Australian researchers have developed a system to help doctors identify patients who want to ‘deprescribe’ from medication to reduce the amount of daily pill popping.
With millions of people around the world taking more medication than ever, the idea of deprescribing has become a hot topic in medical circles of late.
Studies have indicated that, in some cases, doctors are too quick to prescribe some medications, which can lead to patients taking multiple medications every day. A 2012 study showed that over-50 patients are leading the way with 87.1 per cent of participants taking one or more medicines and 43.3 per cent taking five or more.
In an effort to help willing patients safely wind back on their medication, researchers from the University of Sydney’s School of Public Health developed a system to make it easier to characterise older people who take multiple medicines and those who want to deprescribe.
Their research was published in the Journal of Gerontology on Monday.
Lead researcher from the University of Sydney’s School of Public Health, Kristie Weir, said it was an important step towards getting patients and doctors to discuss the issue together.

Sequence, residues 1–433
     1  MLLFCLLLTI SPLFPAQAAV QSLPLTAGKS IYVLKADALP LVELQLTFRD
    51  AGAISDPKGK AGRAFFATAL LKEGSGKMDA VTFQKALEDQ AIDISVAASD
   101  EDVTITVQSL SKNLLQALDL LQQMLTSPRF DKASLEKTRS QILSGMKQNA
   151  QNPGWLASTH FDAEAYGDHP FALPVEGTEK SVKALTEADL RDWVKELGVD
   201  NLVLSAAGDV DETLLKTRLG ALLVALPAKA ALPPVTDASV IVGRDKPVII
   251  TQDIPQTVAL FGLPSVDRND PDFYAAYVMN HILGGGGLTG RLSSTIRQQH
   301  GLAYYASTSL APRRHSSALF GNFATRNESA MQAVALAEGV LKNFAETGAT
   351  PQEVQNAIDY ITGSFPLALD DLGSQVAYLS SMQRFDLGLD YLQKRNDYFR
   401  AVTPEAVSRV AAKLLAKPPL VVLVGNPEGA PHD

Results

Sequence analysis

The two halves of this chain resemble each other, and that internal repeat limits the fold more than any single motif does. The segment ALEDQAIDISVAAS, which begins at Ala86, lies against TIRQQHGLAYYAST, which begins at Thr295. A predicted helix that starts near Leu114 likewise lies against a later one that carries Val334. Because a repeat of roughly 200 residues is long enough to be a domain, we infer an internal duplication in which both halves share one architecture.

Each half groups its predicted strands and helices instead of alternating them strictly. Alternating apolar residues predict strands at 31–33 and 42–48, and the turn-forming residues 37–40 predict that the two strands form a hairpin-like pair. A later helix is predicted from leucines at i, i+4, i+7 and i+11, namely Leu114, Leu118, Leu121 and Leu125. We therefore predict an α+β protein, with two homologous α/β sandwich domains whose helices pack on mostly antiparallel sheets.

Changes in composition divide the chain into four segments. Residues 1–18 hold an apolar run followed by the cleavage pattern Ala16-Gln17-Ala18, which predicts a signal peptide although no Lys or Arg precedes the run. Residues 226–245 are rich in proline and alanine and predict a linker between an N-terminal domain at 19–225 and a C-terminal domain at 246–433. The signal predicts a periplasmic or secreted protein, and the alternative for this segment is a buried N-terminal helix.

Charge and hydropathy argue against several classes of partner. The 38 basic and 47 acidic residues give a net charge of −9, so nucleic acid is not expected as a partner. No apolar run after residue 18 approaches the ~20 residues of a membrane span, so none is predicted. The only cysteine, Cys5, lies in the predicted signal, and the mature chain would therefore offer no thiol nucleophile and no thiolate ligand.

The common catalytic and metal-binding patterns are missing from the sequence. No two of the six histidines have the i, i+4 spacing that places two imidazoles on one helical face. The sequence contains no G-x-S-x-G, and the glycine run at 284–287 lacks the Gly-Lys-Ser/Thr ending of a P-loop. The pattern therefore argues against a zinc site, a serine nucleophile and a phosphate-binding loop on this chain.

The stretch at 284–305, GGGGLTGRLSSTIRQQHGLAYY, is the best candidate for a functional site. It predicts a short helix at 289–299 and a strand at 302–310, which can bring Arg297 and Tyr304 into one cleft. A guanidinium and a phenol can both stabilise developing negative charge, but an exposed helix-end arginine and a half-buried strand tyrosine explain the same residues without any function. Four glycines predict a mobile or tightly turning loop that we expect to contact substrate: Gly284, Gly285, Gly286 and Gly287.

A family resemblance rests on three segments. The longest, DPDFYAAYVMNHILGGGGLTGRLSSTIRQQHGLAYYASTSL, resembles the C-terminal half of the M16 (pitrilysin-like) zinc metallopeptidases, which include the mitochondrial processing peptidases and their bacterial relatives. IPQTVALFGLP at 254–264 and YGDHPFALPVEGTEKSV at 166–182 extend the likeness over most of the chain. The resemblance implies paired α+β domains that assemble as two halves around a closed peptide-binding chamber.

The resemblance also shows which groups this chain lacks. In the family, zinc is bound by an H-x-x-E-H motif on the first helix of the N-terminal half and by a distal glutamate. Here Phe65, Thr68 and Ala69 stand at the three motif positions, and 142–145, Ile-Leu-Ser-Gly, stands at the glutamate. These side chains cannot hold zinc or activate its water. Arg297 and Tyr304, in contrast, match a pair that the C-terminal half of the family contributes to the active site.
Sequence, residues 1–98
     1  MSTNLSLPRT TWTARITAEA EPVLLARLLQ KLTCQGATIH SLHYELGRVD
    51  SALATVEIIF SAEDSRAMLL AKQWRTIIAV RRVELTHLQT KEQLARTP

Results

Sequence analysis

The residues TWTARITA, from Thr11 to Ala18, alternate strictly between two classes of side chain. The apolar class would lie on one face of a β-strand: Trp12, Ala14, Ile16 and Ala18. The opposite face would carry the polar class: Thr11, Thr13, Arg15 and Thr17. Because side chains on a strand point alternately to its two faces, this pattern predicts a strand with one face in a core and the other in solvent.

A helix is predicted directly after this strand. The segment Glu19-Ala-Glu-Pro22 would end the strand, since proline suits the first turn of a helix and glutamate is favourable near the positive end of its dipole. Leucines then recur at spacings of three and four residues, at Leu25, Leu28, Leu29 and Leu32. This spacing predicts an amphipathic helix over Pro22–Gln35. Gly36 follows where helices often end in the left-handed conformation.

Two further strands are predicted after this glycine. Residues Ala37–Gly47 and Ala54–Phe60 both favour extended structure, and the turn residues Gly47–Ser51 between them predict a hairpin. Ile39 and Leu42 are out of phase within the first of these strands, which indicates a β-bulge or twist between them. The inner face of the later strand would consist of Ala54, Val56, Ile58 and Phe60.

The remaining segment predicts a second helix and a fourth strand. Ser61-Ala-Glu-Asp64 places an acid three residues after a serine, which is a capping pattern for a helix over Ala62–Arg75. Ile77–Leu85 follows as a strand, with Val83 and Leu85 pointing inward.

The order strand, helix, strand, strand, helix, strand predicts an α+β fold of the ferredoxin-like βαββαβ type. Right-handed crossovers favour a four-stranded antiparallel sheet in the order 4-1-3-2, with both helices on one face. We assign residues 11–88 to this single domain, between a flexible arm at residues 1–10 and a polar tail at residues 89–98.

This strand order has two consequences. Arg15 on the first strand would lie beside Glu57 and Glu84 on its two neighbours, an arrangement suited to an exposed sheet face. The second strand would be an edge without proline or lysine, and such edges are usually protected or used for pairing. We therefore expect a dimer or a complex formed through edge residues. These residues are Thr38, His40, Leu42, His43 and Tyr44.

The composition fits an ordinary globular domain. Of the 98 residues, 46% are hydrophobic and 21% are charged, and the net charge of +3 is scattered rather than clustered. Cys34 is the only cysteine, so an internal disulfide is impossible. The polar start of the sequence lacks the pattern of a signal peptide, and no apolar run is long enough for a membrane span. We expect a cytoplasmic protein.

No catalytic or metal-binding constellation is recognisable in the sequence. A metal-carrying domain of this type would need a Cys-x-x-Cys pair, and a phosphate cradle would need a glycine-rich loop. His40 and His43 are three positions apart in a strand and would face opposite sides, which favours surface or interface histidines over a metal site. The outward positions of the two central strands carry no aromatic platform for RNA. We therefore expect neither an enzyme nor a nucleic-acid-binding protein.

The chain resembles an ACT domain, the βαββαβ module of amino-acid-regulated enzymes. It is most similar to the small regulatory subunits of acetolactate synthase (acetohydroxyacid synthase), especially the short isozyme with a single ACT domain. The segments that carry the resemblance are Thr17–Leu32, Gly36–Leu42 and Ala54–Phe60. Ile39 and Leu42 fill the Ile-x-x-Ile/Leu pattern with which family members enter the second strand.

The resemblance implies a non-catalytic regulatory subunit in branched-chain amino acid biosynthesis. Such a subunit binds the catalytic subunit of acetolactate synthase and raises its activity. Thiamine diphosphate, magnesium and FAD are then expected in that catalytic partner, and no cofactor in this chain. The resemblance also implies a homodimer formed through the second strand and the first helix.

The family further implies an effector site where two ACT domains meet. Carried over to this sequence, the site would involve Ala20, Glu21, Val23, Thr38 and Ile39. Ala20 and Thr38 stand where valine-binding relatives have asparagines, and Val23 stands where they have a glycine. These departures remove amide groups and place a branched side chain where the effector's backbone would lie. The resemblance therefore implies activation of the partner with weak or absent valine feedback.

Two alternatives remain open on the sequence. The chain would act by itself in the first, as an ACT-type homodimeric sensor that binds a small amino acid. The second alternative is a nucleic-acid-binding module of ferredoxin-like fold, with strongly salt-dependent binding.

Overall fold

“Polypharmacy (multiple medications) in the older population is increasing and can be harmful,” she said. “It can be safe to reduce or carefully cease medicines (deprescribing), but a collaborative approach between patient and doctor is required.”
“Deprescribing isn’t new, but there has been a recent explosion of research in this area showing how it can be done safely and in collaboration with patients. We provide a novel approach to describe these differences between older people who are happy to take multiple medicines, and those who are open to deprescribing.
The team divided patients into three categories: those who don’t want to deprescribe; those who want to take less medication and who want an active role in the decision making with their doctor; and those who wanted their doctor to make the decision for them.
“This research shows that doctors should tailor communication to individual older people who are taking multiple medicines in order to provide the best level of care,” Weir said.
“For some patients it might be that you need to help them think a bit more about their medicines and educate them more. Whereas for others, who were already aware of what medicines they were taking, identifying preferences and goals would be appropriate.
The team concluded that there needs to be more support for patients and doctors who want to look at safely winding back medication levels.